|Oregon State Bar Bulletin MAY 2009|
So much from so little. That should be the tagline for Twitter, the microblogging site that limits each post to 140 characters. As I wrote in this column in January, Twitter’s simplicity belies its reach. That earlier column listed my “Tweet 16” ways lawyers could use Twitter. Since then, I’ve discovered even others.
But while Twitter’s simplicity is elegant, it is also limiting. As a result, a cottage industry is emerging of hundreds of third-party tools to extend and enhance Twitter. I have been looking for some of the more useful of these and bring you 20 that stand out. They are in alphabetical order.
ChirpCity, http://chirpcity.com. ChirpCity displays the latest tweets from and about any city. Another tool that filters tweets by location is TwitterLocal, http://www.twitterlocal.net.
Filttr, https://filttr.com. Filttr filters your Twitter steam to separate what is important to you from the noise. It uses artificial intelligence to decide which posts are important to you.
HootSuite, http://hootsuite.com. HootSuite is a suite of Twitter tools that lets you manage multiple Twitter profiles, pre-schedule tweets, and measure your success with statistics and analytics.
Mr. Tweet, http://mrtweet.net. Mr. Tweet describes itself as a “personal networking assistant.” Just follow Mr. Tweet on Twitter and it will suggest people you should be following, recommend you to others with similar interests, and provide regular statistics about your Twitter usage.
OutTwit, www.techhit.com/OutTwit. This plug-in lets you use Twitter from within Microsoft Outlook. You can update your Twitter status and follow others on Twitter, all from within the Outlook interface.
ToAnswer, http://toanswer.net. This Twitter mashup is designed to help you use Twitter to get your questions answered quickly. Need to find a good restaurant in Boston? Tweet your question and it will get posted here automatically.
Tweetag, http://tweetag.com. Browse or search the most popular topics discussed on Twitter within the last 24 hours. A similar tool is Twitturly, http://twitturly.com, which tracks the most popular URLs on Twitter.
TweetBeep, http://tweetbeep.com. Get e-mail alerts of conversations on Twitter that mention you, your firm, your website, a client or anything else. Another service that does this is Twilert, www.twilert.com. Beats having to monitor Twitter’s search page 24/7.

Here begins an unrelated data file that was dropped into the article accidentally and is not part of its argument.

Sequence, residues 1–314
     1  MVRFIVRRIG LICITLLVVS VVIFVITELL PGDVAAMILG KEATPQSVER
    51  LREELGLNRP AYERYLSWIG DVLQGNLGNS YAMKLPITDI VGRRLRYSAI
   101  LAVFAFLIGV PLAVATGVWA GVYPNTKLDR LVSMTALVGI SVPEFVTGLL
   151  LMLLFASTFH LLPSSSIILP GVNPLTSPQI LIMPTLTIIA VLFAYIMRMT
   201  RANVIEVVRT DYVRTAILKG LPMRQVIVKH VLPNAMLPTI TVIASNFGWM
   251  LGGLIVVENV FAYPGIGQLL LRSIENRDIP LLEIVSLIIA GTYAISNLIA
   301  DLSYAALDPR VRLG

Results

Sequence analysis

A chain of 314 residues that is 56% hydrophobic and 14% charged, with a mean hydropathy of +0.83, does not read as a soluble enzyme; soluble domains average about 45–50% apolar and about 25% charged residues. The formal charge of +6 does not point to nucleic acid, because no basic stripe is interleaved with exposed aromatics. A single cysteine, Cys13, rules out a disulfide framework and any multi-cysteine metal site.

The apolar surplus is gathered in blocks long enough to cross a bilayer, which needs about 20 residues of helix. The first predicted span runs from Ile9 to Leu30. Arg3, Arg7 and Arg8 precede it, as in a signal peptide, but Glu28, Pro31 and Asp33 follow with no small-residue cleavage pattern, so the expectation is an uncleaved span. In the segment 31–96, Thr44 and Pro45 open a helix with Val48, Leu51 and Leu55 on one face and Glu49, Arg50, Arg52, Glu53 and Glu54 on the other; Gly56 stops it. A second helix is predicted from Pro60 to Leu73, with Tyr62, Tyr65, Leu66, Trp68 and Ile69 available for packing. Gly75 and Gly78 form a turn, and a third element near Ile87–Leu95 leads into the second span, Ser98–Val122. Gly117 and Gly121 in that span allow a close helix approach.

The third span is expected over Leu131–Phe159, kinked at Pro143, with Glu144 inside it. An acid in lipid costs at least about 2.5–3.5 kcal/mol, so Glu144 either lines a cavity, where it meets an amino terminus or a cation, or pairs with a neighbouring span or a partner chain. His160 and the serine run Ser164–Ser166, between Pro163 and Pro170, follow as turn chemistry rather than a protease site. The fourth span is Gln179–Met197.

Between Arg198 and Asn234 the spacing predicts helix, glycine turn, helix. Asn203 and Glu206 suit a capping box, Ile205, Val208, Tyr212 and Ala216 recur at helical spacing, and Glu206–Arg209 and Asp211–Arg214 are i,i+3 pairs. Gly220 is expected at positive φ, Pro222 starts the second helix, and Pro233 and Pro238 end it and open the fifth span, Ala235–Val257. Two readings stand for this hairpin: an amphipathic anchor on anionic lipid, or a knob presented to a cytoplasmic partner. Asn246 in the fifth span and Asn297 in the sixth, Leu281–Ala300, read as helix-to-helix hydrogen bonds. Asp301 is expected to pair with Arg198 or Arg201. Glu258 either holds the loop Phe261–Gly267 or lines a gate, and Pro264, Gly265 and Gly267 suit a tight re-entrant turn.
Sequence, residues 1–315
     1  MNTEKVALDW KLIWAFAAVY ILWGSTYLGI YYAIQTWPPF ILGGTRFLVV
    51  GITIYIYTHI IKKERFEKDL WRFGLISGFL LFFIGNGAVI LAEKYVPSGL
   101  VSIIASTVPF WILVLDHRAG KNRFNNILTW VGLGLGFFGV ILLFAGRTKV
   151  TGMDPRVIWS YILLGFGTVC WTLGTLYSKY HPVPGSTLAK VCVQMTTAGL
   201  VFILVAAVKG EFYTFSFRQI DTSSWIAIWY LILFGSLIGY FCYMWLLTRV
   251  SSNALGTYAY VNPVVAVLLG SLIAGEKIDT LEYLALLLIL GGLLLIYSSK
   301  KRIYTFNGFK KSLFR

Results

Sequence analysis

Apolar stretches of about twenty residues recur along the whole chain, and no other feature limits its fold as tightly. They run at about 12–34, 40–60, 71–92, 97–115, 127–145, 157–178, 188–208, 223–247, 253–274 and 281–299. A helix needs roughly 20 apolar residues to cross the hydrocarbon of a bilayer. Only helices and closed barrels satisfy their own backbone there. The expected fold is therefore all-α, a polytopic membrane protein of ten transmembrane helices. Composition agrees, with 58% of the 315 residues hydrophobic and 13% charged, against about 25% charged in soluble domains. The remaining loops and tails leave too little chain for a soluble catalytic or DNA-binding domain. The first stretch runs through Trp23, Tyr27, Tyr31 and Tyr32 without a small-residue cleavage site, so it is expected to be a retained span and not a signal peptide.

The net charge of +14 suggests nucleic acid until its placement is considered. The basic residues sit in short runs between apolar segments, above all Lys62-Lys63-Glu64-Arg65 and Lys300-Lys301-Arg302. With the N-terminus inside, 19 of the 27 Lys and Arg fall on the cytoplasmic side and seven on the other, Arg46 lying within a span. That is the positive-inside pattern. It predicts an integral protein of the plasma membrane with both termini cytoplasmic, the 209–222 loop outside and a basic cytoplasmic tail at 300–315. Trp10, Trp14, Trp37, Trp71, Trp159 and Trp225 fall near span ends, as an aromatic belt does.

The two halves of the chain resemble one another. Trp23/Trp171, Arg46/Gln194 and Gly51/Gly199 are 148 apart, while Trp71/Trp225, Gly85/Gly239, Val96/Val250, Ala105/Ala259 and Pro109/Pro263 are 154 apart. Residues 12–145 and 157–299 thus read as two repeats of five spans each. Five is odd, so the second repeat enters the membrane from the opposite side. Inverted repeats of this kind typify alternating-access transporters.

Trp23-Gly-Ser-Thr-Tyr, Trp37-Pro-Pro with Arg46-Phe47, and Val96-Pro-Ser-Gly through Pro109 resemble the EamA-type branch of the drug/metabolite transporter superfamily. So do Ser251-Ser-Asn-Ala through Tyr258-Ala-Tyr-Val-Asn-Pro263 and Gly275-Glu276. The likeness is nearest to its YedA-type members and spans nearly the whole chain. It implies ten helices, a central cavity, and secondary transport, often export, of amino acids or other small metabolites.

TweetCube, www.tweetcube.com. Allows you to share files of any kind via Twitter. Tweet your images, videos, music and anything else and share them with the people who follow you.
TweetLater, www.tweetlater.com. This lets you compose and schedule your tweets in advance. You can also send automated thank-you messages to new followers and set up e-mail alerts to track key words and phrases. Another tool that allows you to create tweets in advance and schedule their release is Twuffer, http://twuffer.com.
TweetStats, http://tweetstats.com. Graph your Twitter usage to see how often you tweet, when you tweet, who you most often reply to, and more. An easy way to monitor your Twitter activity.
Twellow, www.twellow.com. Twellow is a directory of Twitter users. Search it by name and location or browse its listings by category. It includes a law category as well as subcategories for lawyers, judges and others.
Twistory, www.twistory.net. Twistory adds your history of tweets to whatever calendar application you use, letting you see what you were tweeting when. It could be useful for tracking or reconstructing your time.
TwitBacks, www.twitbacks.com. Here you can create a free background for your Twitter profile that provides much more information about you than the basic profile. Add a bio, links, a logo and more.
TwitBlocker, www.tangerineworks.com/twitblocker. Sometimes you want to block posts from someone you follow temporarily without unfollowing them. This browser add-on makes it easy to do.
TwitPic, http://twitpic.com. TwitPic lets you share photos on Twitter from your mobile phone or through the site itself.
Twitter Grader, http://twitter.grader.com. This tool measures the reach and authority of a Twitter user. It assigns a percentile score based on the user’s number of followers and their power within Twitter, the pace of updates, the completeness of the user’s profile, and more. Find out where you or anyone else ranks.
TwitterPacks, http://twitterpacks.pbwiki.com. This is a tool for grouping and finding Twitter users by topics of interest or geographic location. Among its many categories are a lawyer pack, a law practice management pack and a legal aid pack. It includes Autopack, a feature that lets you follow or unfollow everyone in a particular pack.
Twitzu, www.twitzu.com. Promote your events on Twitter. Planning a meetup or seminar? Use this to blast it out to your Twitter followers. Another similar service is Twtvite, http://twtvite.com. Use it to create a “tweetup” and then to invite people via Twitter.
Twtpoll, http://twtpoll.com. Conduct simple polls via Twitter. When you tweet a question, it links back to a page where your followers can choose from several answers. Once they vote, they can see a pie chart of the results so far.
These are just some of the many tools available to extend Twitter’s usefulness. Try these and feel free to drop me a line with your own favorite Twitter tools.
ABOUT THE AUTHOR
Robert Ambrogi, who practices law in Rockport, Mass., is the former editor of National Law Journal and Lawyers Weekly USA. He is internationally known for his writing about the Internet and technology.
© 2009 Robert Ambrogi